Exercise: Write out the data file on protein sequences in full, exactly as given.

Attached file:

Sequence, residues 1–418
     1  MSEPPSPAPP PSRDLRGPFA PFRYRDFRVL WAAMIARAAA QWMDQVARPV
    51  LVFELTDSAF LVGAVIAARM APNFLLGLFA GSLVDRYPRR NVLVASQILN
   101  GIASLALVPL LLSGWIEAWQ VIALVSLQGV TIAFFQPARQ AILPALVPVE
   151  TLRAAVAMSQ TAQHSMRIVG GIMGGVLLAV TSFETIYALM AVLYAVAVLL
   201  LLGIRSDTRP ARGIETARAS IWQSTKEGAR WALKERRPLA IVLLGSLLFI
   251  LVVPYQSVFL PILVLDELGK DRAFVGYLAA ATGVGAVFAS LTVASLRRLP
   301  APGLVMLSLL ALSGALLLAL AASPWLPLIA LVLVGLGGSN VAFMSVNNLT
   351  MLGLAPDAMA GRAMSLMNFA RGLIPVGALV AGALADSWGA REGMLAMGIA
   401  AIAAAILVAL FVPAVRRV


Sequence, residues 1–418
     1  MSEPPSPAPP PSRDLRGPFA PFRYRDFRVL WAAMIARAAA QWMDQVARPV
    51  LVFELTDSAF LVGAVIAARM APNFLLGLFA GSLVDRYPRR NVLVASQILN
   101  GIASLALVPL LLSGWIEAWQ VIALVSLQGV TIAFFQPARQ AILPALVPVE
   151  TLRAAVAMSQ TAQHSMRIVG GIMGGVLLAV TSFETIYALM AVLYAVAVLL
   201  LLGIRSDTRP ARGIETARAS IWQSTKEGAR WALKERRPLA IVLLGSLLFI
   251  LVVPYQSVFL PILVLDELGK DRAFVGYLAA ATGVGAVFAS LTVASLRRLP
   301  APGLVMLSLL ALSGALLLAL AASPWLPLIA LVLVGLGGSN VAFMSVNNLT
   351  MLGLAPDAMA GRAMSLMNFA RGLIPVGALV AGALADSWGA REGMLAMGIA
   401  AIAAAILVAL FVPAVRRV